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How to use a virtual home button instead of the iPhone X’s gestures

I’ve got no problem with the iPhone X’s new home indicator and its swiping gestures. In fact, I quite like them. Swiping up to go home feels like second nature after just a few days using the phone. Same for getting to the app switcher by pausing after that upward swipe.

But I’m not a big fan of how far away Control Center feels now. That upper right corner is a stretch for my thumb — even with my big hands. So yesterday I thought about trying a different method to reach those useful shortcuts, and it’s a trick that has been in iOS for years: it’s called AssistiveTouch. AssistiveTouch is a feature in the accessibility settings (under the “general” section) of iOS that puts a floating, virtual home button on your screen that you can drag wherever you want.


You can configure the button to perform four different actions based on whether you tap, double tap, 3D Touch, or hold it down. And you can pick your own opacity for the virtual button so that it won’t draw attention or distract from your apps when inactive. I’ve got a free space for it on my home screen. But if you don’t, it might be tough to find a good spot for the button to live. Also, enabling AssistiveTouch doesn’t turn off or get rid of the swiping gestures; you can switch between them as you please.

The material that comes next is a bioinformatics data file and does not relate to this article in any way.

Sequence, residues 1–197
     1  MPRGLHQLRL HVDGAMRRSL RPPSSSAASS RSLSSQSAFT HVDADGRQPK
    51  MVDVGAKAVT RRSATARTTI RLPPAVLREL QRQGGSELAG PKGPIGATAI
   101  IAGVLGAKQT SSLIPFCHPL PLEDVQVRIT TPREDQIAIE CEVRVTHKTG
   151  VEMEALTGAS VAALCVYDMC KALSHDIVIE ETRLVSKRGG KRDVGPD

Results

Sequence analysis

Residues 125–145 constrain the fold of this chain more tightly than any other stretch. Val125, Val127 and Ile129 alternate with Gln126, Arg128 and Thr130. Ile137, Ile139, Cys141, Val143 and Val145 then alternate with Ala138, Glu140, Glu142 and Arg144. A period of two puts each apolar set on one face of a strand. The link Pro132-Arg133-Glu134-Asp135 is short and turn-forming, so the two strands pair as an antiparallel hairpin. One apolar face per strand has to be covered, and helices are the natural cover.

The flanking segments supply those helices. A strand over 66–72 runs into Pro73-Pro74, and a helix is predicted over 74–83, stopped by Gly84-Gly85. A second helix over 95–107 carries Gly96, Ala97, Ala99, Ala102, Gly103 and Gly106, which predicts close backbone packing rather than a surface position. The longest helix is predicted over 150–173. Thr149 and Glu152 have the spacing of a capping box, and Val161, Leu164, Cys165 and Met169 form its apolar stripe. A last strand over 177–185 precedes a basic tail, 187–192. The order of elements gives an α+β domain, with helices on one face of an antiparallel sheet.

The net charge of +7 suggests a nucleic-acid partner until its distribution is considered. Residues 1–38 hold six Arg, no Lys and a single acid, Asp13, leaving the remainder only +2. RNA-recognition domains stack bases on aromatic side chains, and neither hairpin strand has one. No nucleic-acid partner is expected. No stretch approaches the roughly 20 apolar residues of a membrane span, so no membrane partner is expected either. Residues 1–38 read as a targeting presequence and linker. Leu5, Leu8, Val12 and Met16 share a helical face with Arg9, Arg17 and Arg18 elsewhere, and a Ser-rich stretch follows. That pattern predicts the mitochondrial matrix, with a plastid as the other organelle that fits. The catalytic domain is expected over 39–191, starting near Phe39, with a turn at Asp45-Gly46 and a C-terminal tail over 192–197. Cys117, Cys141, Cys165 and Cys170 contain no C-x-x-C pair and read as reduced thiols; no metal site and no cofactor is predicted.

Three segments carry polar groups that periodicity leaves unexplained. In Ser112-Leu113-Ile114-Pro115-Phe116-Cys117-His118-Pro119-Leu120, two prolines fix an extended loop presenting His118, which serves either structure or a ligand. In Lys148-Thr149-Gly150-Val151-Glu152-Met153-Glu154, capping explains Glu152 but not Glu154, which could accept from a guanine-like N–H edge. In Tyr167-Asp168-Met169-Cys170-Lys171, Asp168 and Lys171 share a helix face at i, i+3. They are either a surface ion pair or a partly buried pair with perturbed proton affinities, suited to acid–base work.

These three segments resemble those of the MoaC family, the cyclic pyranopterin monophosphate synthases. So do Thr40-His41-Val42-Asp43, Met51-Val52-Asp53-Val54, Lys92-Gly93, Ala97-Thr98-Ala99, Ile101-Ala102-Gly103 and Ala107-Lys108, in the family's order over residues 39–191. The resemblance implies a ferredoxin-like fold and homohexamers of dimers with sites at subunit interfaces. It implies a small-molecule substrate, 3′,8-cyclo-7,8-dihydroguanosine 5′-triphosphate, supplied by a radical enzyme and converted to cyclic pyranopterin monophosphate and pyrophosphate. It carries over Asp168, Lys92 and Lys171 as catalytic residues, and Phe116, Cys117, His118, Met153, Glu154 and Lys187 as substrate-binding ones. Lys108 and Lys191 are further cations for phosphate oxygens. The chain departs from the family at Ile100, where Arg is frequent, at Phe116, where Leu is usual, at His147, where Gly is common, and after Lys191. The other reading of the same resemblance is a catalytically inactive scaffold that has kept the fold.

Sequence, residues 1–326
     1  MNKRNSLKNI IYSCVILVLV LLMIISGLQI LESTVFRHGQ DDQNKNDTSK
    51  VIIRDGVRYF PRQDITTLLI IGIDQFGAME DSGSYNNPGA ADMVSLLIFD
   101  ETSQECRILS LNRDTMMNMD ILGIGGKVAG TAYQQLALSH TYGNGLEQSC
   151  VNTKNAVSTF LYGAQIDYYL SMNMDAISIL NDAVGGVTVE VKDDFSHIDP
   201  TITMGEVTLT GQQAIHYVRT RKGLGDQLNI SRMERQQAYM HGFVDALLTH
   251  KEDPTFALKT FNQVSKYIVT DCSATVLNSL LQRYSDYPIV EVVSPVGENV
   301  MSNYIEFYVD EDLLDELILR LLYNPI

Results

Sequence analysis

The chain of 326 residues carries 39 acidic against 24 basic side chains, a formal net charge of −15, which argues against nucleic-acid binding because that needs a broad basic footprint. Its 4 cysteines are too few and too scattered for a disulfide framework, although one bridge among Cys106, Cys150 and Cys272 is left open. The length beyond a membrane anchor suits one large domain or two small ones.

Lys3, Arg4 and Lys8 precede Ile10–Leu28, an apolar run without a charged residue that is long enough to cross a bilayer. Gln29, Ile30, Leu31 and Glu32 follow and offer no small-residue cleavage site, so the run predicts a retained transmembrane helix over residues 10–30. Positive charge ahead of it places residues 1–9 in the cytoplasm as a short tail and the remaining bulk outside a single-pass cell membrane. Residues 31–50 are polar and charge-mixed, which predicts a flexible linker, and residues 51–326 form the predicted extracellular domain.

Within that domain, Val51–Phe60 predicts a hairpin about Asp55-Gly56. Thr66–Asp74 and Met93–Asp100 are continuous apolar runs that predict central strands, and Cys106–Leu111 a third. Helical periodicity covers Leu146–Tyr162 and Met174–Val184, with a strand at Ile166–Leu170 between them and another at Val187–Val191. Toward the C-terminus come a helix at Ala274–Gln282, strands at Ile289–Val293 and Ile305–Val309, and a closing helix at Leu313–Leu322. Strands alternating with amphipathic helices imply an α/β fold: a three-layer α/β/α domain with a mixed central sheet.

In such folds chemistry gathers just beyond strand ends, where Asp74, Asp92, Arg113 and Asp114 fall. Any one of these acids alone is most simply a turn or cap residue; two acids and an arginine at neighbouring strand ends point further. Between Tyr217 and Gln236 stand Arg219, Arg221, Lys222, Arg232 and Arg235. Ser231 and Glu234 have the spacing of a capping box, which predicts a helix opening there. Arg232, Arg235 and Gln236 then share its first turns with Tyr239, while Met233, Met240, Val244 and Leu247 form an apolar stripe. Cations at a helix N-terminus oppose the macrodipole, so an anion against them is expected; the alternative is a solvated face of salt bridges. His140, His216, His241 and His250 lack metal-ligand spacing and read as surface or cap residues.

I’ve got mine set to act like the old home button whenever it’s tapped once. So if you’re tired of swiping your lock screen up every time you use your phone, you can just tap on the virtual button instead. I don’t know that it’s any faster than swiping up on the indicator. It seems about equal, and Face ID works extremely quickly in both cases.

A double-tap will pull up the multitasking menu — just like the old home button shortcut. And if I 3D Touch on the virtual button, Control Center appears. I’ve chosen screenshot for the “long press” move, which feels appropriate for the task. You can also configure one of those initial button actions to activate a secondary menu with even more shortcuts. But I think these are all I really need.

It’s convenient, but I doubt that I’ll keep the virtual button enabled permanently. Maybe it’ll just be a nice tool if my thumb gets tired of all that swiping from time to time. Apple does a superb job keeping accessibility near the top of its priority list, but it turns out AssistiveTouch is also pretty helpful for the lazy among us.


You can set the button’s opacity to a point where it blends in with your apps when inactive.


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